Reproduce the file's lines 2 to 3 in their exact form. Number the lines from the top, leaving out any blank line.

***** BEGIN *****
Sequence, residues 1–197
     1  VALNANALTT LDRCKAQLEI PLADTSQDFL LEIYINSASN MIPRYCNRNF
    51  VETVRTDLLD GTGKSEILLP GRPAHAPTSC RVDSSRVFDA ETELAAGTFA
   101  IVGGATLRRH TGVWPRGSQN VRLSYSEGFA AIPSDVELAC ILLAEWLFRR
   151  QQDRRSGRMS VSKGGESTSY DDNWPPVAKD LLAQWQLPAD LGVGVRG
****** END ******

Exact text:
     1  VALNANALTT LDRCKAQLEI PLADTSQDFL LEIYINSASN MIPRYCNRNF
    51  VETVRTDLLD GTGKSEILLP GRPAHAPTSC RVDSSRVFDA ETELAAGTFA